Evaluation of mid-term stability of night vision tests

Y. Levy, Y. Glovinsky*

*Corresponding author for this work

Research output: Contribution to journalArticlepeer-review

Abstract

Background: Dark adaptation rate, scotopic retinal sensitivity and contrast sensitivity under mesopic conditions, but not visuaL acuity, have been shown to be directly related to the ability to identify military targets at night. These parameters can be used to select personnel for specific military tasks demanding excellent night vision, as well as to assess pharmacological effects on night vision. Purpose: To evaluate the midterm (2 to 6-week period) stability of flight vision tests based on assessment of the above parameters. Methods: Dark adaptation rate, scotopic retinal sensitivity and contrast sensitivity under mesopic conditions were studied in 16 young volunteers during a 6-week period. Results: Tests of scotopic retinal sensitivity (after 30 min of dark adaptation) exhibited high reproducibility and a low fluctuation rate, with a high correlation between values at week 0 and at 2-week intervals during the following 6 weeks of the study (r(s) (week 0 to week 6) = 0.81, p = 0.0001). The reproducibility of mesopic contrast sensitivity tests (average of 1, 5, 3, 6 and 12 cycles per degree (cpd)) was fair (r(s) (week 0 to week 2) = 0.67, p = 0.0045), whereas that of dark adaptation rate tests was poor. Conclusions: In view of the reproducibility characteristics of these night vision tests, assessment of night vision ability in pilots and military personnel, as well as assessment of pharmacological effects on night vision, may be based on scotopic retinal sensitivity (after 30 min of dark adaptation) and contrast sensitivity under mesopic conditions (average of 1.5, 3, 6 and 12 cpd).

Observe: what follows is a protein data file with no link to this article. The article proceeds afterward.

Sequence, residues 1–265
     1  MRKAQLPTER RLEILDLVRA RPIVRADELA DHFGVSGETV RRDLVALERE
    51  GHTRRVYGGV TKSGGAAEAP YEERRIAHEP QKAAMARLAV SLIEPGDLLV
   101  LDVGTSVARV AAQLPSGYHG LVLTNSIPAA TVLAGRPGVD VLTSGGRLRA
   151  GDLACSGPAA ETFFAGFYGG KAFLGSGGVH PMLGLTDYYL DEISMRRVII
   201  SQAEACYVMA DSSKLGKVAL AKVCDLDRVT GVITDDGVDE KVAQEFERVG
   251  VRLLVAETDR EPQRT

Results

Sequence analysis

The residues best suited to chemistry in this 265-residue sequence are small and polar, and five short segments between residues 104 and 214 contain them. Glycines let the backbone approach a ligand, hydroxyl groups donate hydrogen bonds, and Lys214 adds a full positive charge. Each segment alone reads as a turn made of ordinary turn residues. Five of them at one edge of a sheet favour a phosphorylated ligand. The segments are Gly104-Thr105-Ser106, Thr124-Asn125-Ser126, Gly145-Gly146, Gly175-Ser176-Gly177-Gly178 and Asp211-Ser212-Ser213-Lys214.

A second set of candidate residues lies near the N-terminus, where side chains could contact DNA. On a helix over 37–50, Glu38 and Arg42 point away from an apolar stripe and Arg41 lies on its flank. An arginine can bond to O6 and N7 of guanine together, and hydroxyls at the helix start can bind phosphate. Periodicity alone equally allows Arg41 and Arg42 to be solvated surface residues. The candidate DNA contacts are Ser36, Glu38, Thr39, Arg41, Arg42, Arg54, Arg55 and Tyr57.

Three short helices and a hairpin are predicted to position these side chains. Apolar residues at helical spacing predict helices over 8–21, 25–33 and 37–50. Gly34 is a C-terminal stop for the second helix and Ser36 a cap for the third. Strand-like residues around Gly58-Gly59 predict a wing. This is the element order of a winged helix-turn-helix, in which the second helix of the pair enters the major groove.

Original languageEnglish
Pages (from-to)565-568
Number of pages4
JournalAviation Space and Environmental Medicine
Volume68
Issue number7
StatePublished - Jul 1997

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